Hello and welcome back to the Fides Weekly Update. Here we aim to provide you with regular insights on what’s happening in your sector. Read on to see the key news stories in legal and compliance and don’t forget to check out the Movers & Shakers of the week.
1. Regulatory roundtable on… Conduct risk
Following the release of the Financial Conduct Authority’s (FCA) business plan for 2019/20, the regulator has voiced it’s determination to enforce an internal culture of good conduct for financial instructions, eradicating the sector’s long-standing tick-box approach to compliance.
In collaboration with legal magazine The Lawyer, international law firm Gowling WLG hosted a roundtable discussion comprised of risk, compliance and governance professionals to explore how financial institutions are expected to adhere to the FCA’s standards for conduct risk as the regulator marks it a priority for 2019.
Introducing this form of cultural change cannot be completed using a set of guidelines, but rather a tailored approach, where organisations have constructed a definition and structure that suits their own business models. As this brings a host of different challenges, the roundtable participants shared the barriers and successes they face in attempting to establish an effective conduct risk framework.
It seems a key objective is to create a shift in individual mindsets on compliance from reactive to proactive. Both senior and junior employees alike have said they can’t understand why culture change needs to take place if they don’t have any visible compliance problems to be fixed: “Managing people that don’t think they are a risk means they often aren’t receptive to change”.
“This begs the question: if people think there isn’t a problem or risk of non-compliance, how can you put a framework around that?”
Another factor noted in trying to embed this culture is an openness to whistle-blowing. There’s a stark contrast when comparing an organisation that has a whistle-blowing function to an organisation that allows employees to truly feel safe to escalate risks: “This is a good example of where a structural change has been made but not embedded.”
Struggling to obtain a commitment to these principles can be largely attributed to lack of personal responsibility. It was highlighted that this feeling of personal responsibility for conduct risk needs to permeate through every employee in the organisation rather than be perceived as a responsibility of the compliance department.
During the discussion, it was voiced that one potential solution to embedding this culture could be to integrate values into annual performance assessments and incentivise good behaviours. Many organisations have begun to ask about a person’s attitude to conduct risk in interviews for internal promotions and senior hires, but this approach to would further emphasise the importance of good conduct and culture.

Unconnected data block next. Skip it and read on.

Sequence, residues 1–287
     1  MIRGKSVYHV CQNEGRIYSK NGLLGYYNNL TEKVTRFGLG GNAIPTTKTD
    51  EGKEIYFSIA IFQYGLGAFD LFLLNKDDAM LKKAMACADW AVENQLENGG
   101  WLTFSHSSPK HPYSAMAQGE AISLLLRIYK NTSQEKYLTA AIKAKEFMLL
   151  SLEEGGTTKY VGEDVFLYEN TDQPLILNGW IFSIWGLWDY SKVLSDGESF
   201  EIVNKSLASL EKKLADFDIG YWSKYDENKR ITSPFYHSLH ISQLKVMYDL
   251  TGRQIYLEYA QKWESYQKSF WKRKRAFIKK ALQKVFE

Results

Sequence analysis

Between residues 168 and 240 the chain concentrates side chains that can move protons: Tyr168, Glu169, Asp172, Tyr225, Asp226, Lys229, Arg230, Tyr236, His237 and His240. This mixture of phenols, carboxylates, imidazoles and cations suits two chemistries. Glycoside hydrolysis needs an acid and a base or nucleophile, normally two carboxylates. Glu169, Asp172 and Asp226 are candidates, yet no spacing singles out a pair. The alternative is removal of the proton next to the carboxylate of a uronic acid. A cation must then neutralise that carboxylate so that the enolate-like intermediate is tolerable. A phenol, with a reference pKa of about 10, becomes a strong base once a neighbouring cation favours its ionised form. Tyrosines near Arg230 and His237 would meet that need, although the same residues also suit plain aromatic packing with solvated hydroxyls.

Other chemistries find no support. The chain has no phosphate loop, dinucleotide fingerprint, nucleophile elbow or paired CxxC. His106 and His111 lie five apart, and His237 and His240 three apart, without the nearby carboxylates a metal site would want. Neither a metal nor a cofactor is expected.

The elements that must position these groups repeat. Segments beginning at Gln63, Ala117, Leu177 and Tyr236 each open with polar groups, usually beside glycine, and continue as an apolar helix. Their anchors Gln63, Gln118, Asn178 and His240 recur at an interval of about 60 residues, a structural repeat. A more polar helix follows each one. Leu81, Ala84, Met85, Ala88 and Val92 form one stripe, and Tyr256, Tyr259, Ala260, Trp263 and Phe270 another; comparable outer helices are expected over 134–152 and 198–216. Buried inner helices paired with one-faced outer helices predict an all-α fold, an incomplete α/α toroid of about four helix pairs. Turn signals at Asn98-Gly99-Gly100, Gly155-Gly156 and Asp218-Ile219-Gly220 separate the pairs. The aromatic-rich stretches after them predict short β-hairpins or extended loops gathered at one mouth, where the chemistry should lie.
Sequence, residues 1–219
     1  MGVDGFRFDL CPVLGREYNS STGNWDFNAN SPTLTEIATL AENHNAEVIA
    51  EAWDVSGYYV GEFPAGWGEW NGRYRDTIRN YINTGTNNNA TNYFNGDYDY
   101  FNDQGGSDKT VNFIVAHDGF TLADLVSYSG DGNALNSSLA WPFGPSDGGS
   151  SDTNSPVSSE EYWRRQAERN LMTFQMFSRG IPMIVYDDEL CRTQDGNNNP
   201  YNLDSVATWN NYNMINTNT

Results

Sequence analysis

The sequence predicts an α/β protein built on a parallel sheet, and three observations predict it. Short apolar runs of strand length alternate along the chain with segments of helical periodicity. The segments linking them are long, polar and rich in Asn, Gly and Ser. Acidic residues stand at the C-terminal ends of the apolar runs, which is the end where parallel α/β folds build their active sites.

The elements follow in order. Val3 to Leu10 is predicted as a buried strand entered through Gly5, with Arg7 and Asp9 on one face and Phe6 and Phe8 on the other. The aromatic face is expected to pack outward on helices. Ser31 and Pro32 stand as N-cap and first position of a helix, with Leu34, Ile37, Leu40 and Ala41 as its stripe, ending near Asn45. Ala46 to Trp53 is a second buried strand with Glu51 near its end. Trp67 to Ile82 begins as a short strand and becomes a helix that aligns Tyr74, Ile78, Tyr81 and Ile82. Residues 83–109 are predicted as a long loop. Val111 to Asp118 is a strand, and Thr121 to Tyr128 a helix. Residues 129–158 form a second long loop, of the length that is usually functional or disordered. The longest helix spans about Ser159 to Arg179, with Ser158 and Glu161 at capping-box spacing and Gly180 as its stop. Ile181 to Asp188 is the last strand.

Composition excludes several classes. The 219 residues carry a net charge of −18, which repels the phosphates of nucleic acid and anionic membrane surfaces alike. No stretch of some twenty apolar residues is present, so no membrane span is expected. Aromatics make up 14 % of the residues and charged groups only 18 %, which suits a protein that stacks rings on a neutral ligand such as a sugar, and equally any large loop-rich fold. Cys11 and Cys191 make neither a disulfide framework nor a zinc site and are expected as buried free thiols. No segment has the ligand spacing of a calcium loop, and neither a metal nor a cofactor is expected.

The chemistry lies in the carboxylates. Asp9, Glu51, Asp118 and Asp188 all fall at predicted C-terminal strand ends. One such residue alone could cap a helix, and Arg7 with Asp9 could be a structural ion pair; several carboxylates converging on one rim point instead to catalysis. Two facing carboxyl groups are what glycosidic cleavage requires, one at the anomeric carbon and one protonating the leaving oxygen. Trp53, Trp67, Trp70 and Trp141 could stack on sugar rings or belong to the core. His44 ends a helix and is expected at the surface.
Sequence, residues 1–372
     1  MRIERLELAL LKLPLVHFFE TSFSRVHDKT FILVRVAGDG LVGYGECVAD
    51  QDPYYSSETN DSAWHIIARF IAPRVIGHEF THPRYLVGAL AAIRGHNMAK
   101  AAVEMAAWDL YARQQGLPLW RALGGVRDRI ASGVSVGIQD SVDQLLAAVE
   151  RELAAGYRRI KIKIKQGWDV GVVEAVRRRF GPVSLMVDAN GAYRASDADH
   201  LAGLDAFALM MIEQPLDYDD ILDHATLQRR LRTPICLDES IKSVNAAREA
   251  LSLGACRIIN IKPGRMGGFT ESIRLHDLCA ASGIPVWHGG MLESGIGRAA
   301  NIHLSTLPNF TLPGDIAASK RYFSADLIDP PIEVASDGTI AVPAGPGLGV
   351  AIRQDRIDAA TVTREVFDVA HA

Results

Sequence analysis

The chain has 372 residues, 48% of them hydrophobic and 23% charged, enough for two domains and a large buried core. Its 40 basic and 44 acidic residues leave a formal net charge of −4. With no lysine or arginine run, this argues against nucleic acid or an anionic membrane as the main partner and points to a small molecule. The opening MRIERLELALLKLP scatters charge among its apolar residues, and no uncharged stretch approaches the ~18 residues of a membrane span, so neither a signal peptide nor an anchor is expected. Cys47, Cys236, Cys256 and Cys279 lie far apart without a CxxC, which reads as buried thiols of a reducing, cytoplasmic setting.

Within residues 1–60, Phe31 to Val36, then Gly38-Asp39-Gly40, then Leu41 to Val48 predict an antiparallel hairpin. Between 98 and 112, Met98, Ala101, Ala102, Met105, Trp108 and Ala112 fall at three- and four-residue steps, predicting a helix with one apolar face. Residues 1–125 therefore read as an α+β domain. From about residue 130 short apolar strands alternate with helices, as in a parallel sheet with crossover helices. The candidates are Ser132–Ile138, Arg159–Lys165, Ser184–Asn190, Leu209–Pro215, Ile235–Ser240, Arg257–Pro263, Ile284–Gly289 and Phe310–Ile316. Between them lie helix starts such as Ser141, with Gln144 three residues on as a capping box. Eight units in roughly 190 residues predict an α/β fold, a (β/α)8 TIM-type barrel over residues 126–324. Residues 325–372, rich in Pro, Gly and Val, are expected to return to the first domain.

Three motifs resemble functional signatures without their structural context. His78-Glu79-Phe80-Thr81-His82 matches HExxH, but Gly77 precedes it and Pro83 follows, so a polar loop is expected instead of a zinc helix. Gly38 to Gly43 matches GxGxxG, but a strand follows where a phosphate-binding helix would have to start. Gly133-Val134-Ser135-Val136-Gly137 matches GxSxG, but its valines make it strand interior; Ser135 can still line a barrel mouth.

Regardless of the size of your organisation, changing the culture of a financial institution is by no means an easy feat. Most risk and compliance professionals will have to cultivate these standards across multiple jurisdictions, each with their own cultural nuances and behaviours, whilst educating and engaging all levels of seniority on the importance of conduct risk.
2. Clifford Chance launches ground-breaking pilot scheme that removes billable hours as a performance metric
Clifford Chance is piloting a scheme that would eliminate what many innovation professionals believe is the root cause for the perpetual struggle to innovate in the legal industry.
The magic circle firm announced this week that lawyers (excl. partners) in its Dubai and Abu Dhabi offices will no longer have their compensation based upon hours billed, but rather their engagement with Clifford Chance’s innovation strategy and their efforts in building client relationships.
Over the course of one year, the pilot will assess the impact of removing utilisation as a metric when evaluating lawyer contribution and performance in the Middle East. It will instead focus on matters that encompass the wider range of initiatives that Clifford Chance employs, which the firm expects will better outcomes for its clients, lawyers, and the firm itself.
The new performance-based factors will include contributions to thought leadership; applying process improvements to matters; engaging with the firm’s innovation strategy and deployment of the firm’s Best Delivery tools.
Mo Al-Shukairy, Regional Managing Partner for Clifford Chance, argues that: “This pilot is an acknowledgement of…change, and an explicit attempt to try to find a new model that is fit for the future. Our expectation is that this new way of working will bring material benefits to our clients and that our people will also find that it provides new opportunities to explore their own professional development, while advancing the firm’s strategy.”
As a result of this scheme, Clifford Chance will have accumulated an impressive bank of data and insights that will demonstrate what the precise impact on the firm is when lawyers are spending time on initiatives such as diversity, inclusion, wellbeing and legal technology, over client work.
Billable hours is a sticking point that many have been subject to when convincing law firms to adopt a more advanced approach. Increasing efficiencies is counter-intuitive under a firm’s current business model and it will be interesting to see how Clifford Chance’s pilot will affect not only the development of lawyers and their delivery of client services, but also the performance of the Middle Eastern offices themselves.
Movers & Shakers of the week
In-house lawyer Samee Khan has left the Abu Dhabi Investment Authority (ADIA) to join alternative asset manager Gresham House as its first ever general counsel
Mergers & Acquisitions
Equality & Inclusion
Technology & Innovation